Saturday, July 31, 2010

Is government debt the latest [anti-]bubble?

Here we go again!

It seems like only yesterday (but it was 1999) when it was common knowledge that investing in stocks was safe because, historically, the stock market always goes up. This was an oft-repeated piece of wisdom at the time, and my answer (although I usually kept it to myself) was to point out that it was 24 years between 1929 and when the Dow reached it’s pre-crash level. That’s a long time if you’re planning your retirement. The stock market boom was followed by a housing boom (“housing prices always go up”) and bust. Now, the same people are all convinced that government debt is the thing to focus on.

In each of the previous bubbles, there were clear dissenting voices. Alan Greenspan himself spoke of “irrational exuberance" in 1996. A lot of people were skeptical about the real estate bubble. I myself used the term “foreclosure mortgage” in 2004. For example, I advised friends to “get a 30 year fixed, not one of those foreclosure mortgages.” Their answer typically was “Don’t worry, we can just refinance.” I haven’t had the courage to ask how that’s working out for them lately (these were not close friends). Now, Paul Krugman seems to be the one who is trying to push back the tide (New York Times, June 28, "The Third Depression").

And this third depression will be primarily a failure of policy. Around the world — most recently at last weekend’s deeply discouraging G-20 meeting — governments are obsessing about inflation when the real threat is deflation, preaching the need for belt-tightening when the real problem is inadequate spending.
I hope that he is wrong about this being a depression. I hope that we have learned to see crowds and panic for what they are. However, I’m not so sure.

To illustrate my point I'm including two figures from recent issues of The Economist. First, a graph from their special report on debt ("Repent at Leisure," specifically "In a Hole" ) shows the growth in debt. There has indeed been real growth in debt. It is a problem, and it's the subject of their report. However, it's personal and financial business debt that have been growing much faster than government debt. Furthermore, if the past is any guide (I have added labels to their figure showing which party was in the white house myself), we would be much better off under Democrats, which is not something that most of the people you hear talking about government debt appreciate.debt graphI also include a graph showing the price of gold (also from the Economist), which is the true bubble that goes along with the anti-debt [anti-]bubble.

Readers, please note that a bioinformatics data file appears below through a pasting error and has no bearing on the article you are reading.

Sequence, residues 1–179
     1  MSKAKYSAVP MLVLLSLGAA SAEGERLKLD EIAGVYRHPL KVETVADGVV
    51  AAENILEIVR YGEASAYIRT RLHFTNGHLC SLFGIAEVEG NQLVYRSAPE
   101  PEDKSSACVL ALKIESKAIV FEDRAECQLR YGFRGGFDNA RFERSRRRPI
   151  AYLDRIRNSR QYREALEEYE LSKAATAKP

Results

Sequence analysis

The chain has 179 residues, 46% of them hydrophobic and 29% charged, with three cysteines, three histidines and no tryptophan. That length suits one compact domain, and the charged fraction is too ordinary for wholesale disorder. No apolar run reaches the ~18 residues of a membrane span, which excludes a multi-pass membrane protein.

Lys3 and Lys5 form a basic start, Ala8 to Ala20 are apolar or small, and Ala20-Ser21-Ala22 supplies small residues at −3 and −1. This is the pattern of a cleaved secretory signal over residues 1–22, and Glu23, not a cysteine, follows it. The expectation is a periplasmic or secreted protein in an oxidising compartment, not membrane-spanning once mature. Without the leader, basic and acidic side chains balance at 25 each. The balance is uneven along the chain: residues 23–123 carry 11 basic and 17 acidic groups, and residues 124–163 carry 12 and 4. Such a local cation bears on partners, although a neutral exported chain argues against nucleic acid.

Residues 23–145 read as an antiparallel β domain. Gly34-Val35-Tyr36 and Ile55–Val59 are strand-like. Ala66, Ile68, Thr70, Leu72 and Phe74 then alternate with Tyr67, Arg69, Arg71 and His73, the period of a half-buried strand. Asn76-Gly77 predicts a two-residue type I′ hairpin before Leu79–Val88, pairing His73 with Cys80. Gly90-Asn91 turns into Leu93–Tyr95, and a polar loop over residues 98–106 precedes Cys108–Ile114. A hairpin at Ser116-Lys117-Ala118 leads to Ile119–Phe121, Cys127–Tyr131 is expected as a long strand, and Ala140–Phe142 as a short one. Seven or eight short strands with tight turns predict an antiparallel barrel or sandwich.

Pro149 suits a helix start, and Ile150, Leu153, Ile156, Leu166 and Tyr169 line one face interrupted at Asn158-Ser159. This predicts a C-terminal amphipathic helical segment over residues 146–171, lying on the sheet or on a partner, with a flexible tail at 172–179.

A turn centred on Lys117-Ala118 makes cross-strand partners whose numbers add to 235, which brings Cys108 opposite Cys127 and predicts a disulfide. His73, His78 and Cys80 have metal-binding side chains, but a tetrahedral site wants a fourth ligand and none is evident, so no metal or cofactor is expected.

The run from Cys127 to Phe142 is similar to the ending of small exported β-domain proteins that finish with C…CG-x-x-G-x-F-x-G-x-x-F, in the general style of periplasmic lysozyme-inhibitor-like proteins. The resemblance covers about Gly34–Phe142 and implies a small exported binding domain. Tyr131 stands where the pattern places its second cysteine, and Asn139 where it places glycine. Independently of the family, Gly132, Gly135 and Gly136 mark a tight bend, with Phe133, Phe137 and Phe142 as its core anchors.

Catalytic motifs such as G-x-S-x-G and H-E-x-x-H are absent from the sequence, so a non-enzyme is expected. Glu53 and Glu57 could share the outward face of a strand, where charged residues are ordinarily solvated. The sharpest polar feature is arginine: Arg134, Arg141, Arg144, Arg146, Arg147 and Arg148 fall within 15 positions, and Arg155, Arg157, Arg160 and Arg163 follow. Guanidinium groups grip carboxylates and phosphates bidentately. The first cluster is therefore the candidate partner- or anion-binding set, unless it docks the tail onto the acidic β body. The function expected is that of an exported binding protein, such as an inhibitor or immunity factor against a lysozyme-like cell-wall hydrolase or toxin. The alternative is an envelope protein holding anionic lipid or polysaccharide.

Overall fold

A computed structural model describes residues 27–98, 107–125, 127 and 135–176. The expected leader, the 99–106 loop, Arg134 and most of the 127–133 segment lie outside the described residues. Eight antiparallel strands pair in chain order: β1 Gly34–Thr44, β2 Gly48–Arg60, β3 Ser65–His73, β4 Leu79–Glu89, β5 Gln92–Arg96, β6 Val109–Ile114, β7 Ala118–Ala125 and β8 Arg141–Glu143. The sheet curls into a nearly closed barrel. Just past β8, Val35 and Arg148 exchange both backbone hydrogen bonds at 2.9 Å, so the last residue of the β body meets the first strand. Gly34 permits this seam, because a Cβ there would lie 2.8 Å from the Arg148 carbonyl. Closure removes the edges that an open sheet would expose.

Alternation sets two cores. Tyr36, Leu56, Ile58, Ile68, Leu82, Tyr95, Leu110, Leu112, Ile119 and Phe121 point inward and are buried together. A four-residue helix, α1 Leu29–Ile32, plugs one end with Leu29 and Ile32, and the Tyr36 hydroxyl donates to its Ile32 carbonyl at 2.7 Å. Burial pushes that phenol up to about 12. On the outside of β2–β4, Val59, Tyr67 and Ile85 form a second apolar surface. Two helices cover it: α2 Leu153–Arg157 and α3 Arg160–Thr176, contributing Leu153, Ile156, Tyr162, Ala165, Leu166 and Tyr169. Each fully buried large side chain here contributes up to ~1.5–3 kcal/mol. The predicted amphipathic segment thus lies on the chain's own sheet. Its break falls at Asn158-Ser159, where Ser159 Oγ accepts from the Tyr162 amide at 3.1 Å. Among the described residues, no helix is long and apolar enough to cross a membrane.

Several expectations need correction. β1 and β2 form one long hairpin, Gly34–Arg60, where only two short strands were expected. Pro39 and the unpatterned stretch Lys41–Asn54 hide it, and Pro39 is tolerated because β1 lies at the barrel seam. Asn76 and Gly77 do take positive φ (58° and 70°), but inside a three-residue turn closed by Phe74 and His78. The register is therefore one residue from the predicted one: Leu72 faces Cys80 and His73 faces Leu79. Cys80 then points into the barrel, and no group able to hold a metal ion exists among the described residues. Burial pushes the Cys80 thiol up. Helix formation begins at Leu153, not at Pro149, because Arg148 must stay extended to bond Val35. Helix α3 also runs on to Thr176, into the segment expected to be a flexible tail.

gold bubble

The Kalven Committee Report on the University's Role in Political and Social Action

Some documents are timeless and important. The Kalven Committee's "Report on the University's Role in Political and Social Action," which was written in 1967 by a committee at the University of Chicago, may be one of them. I learned of the Kalven committee report from an interview of Jonathan R. Cole by Cat Warren in the May-June issue of "Academe," the magazine of the American Association of University Professors (interview, report). Jonathan Cole has just written a book ("The Great American University: It's Rise to Preeminence, It's Indispensable National Role, and Why it Must Be Protected", available at Amazon). I have my differences with Jonathan Cole (who was provost for most of the time that I spent at Columbia University), but I like what he says in that interview. It is good that he can refer, today, to a report written in 1967, and I encourage all scholars to read it. I, for one, am inspired to defend free inquiry and academic freedom, and to emphasize whenever possible how important they are to having a free society.